The final 12% of the total doubly recombinant chro-matids cannot be detected, because a second crossover on the trans chromosome exactly cancels one of the Figure 1.—Ambiguous chromosome con-figurations. A hypothetical double recombi-nant on chromosome 5 (A) can be missed in two ways. If it is paired with a nonrecombi-nant chromosome so that the telomeric SNPs are heterozygous (B) it is ambiguous because it is indistinguishable from two single recombi-nants. However, it can be identified if it is paired with a nonrecombinant chromosome of the same genotype as that of the telomere SNPs (C). If it is paired with a recombinant chromosome in the same SNP interval (D and E) it will appear indistinguishable from a single recombinant. The probability of each event is one-half of the probability of a cross-over event in the SNP interval. If it is paired with a crossover in the same orientation (F) or with a crossover that occurred outside of both SNP intervals (G) the result is unambig-uous, since all three crossovers can be resolved.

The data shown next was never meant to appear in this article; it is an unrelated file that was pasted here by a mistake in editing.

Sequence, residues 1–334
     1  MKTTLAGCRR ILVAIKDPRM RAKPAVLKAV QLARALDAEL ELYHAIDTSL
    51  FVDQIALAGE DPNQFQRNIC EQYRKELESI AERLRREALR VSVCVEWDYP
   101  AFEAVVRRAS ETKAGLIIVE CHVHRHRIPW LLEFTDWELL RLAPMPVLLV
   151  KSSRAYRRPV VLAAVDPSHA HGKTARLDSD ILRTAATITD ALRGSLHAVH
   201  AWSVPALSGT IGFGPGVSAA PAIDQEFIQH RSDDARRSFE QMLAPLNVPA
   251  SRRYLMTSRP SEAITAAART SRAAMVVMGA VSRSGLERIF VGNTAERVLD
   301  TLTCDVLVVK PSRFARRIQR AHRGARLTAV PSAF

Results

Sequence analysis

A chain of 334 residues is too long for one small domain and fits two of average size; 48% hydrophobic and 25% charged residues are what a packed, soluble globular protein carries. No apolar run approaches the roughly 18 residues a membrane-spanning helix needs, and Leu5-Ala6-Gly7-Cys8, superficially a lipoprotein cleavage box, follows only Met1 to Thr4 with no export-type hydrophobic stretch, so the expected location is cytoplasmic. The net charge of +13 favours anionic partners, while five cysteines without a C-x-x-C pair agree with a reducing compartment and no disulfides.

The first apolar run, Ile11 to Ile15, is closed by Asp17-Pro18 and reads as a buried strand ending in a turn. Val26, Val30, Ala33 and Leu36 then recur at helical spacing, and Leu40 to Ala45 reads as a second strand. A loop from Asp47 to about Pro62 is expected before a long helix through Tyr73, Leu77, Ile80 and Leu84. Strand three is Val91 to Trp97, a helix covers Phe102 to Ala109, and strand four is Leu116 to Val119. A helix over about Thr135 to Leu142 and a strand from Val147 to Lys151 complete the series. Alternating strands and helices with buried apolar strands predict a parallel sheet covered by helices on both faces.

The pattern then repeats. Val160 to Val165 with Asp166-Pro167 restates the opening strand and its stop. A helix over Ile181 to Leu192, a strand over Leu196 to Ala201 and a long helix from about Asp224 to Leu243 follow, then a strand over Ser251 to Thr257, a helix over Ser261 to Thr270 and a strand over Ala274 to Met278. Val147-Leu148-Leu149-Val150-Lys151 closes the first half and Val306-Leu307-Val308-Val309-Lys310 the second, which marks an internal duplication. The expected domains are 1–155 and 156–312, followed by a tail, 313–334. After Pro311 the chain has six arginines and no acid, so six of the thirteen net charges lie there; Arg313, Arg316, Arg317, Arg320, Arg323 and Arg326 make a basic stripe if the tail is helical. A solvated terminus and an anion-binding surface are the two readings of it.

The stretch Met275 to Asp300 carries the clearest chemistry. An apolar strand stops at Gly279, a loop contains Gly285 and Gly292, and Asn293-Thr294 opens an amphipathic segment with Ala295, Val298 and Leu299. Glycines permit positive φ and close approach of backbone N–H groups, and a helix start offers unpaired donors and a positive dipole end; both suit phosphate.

crossover events (Figure 1, D and E). Half of all double-crossover chromosomes should have a homolog con-taining a crossover. However, only in rare cases does a crossover on thetrans chromosome occur in the same SNP interval as one of the double crossovers. The fre-quency of such an event will bep11p2, wherep1 and p2 are the observed crossover frequencies in the two SNP intervals containing the crossovers. In addition, only in half of the cases will the SNPs have opposite genotypes and hide each other. If the crossover occurs in the same orientation the data are unambiguous (Figure 1, F and G). The largest two SNP intervals in our data set sum to 24.3 MU, so we are unable to analyze the pres-ence of double crossovers in just 12% of our progeny. Thus, we are able to detect 88% or more of all double crossovers that occur. Since this number includes double crossovers detected directly and via statistical means, we used the more conservative number of 63% of double crossovers that can be directly detected to adjust our measurements.